7:01 PM EDT, April 29, 2014
New NBA commissioner Adam Silver apparently is not one to waste words, or the opportunity to show who's boss.
He certainly wasted no time upending all the experts and legal analysts who were predicting that he would take a measured approach to punishing Los Angeles Clippers owner Donald Sterling for the caught-on-tape comments about African Americans that sparked a painful new national debate on race in America.
Silver walked up to that podium in midtown Manhattan on Tuesday afternoon and needed just a couple of minutes to express the NBA's righteous outrage and say that he was banning Sterling from the league for life while initiating a process that he believes will compel Sterling to sell his team.
There is some question whether the NBA charter allows the other owners to force Sterling to give up the Clippers for a non-fiduciary offense, but that isn't the point. Silver's job was to send the right message to every constituency in the NBA — the players, the owners, the fans — and he succeeded, even if it's fair to point out that he was never far from the helm while Sterling was exhibiting all sorts of questionable behavior over the past couple of decades.
This is a mess that required immediate clean-up and you have to give Silver credit for initiating an investigation, acquiring an admission of guilt from Sterling and delivering a disciplinary haymaker in the space of three days. After Sterling replaced noted disciplinarian David Stern as commissioner in February, what better way to show there's a new sheriff in town who is just as tough as the old one?
Is the world a better place because a geriatric billionaire who grew up in the pre-civil rights era got slam-dunked on Tuesday by an angry young commissioner determined to look strong and decisive handling his first major crisis?
That's a question for the sociologists and cable news commentators.
Will the NBA be in a better place because Sterling has gone from being one of its dirty little secrets to becoming an embarrassment of international proportion and now is in the process of being banished from the league forever?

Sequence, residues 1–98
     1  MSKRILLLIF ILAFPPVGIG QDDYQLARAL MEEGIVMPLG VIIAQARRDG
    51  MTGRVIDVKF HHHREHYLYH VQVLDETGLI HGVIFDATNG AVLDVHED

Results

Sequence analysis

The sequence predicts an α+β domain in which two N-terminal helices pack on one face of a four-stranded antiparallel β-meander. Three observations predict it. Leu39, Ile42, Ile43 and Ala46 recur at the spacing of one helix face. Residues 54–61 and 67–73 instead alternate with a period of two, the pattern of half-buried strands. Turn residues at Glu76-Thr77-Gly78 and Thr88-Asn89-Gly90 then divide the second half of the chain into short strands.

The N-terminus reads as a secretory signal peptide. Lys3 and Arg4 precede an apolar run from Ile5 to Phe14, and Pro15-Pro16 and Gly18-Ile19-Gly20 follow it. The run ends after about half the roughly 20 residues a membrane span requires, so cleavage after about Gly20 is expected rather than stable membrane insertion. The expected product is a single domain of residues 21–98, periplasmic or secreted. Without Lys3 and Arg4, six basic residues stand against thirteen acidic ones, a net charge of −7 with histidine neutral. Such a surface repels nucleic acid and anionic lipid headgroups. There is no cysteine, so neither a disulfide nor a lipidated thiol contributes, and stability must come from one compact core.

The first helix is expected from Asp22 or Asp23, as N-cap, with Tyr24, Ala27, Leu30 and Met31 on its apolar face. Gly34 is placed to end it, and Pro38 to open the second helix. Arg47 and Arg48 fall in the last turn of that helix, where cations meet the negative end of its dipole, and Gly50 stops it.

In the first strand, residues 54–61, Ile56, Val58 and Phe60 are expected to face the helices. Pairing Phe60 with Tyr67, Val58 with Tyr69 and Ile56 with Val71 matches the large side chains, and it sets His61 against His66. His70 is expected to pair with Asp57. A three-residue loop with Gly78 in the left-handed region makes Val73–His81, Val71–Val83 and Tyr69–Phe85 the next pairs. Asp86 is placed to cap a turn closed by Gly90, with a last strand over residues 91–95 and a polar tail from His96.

The answer to that is unequivocally in the affirmative.
Sterling deserved the lifetime ban and the biggest possible fine that the NBA is empowered to levy against one of its owners. He deserves to be run out of the league for his racists comments — regardless of how they became public — and he would be wise to go quietly, though people like him seldom do.
Silver could have moved more incrementally. He could have levied an indefinite ban while he worked behind the scenes to gain a strong consensus from the other 31 owners, especially after Dallas Mavericks owner Mark Cuban publicly expressed reservations about expelling a fellow owner for comments unbecoming.
The brand-new commissioner could have done that, but he correctly calculated that even a moment of seeming indecision would have squandered an opportunity to remove any doubt about his crisis management skills and show the league's players — three out of every four of whom are African-American — that they have a strong champion in the central office.
There will be plenty of talk in the coming weeks about the implications of this ruling. The notion that a private citizen could be forcefully divested of his property for expressing an unpopular or offensive opinion in private would seem to run counter to the principle of freedom of speech and thought that is a cornerstone of American society, but this is not a First Amendment issue.
No one is subject to governmental sanction for making racially insensitive remarks, but Sterling is part of a private consortium in which each partner contractually agrees to be subject to the discipline of the group, so Silver was well within his rights as commissioner to levy the lifetime ban and $2.5 million fine for conduct detrimental to the best interests of the the league.
With several major corporations backing out of sponsorship agreements with the Clippers and the controversy disrupting the NBA postseason, that isn't a very hard case to make.
The ability to force Sterling to sell his team might be another story, and a long, drawn-out one at that. Silver clearly is hoping that the lifetime ban and the public outrage will make Sterling recognize that there is no point in keeping his ownership interest, but Sterling is a very rich man who can afford to put up a protracted legal fight.
For the moment, however, Silver has claimed the high ground.
Read more from columnist Peter Schmuck on his blog, "The Schmuck Stops Here" at baltimoresun.com/schmuckblog and listen when he co-hosts "The Week in Review" on Friday mornings at 9 on WBAL (1090 AM) and at wbal.com.
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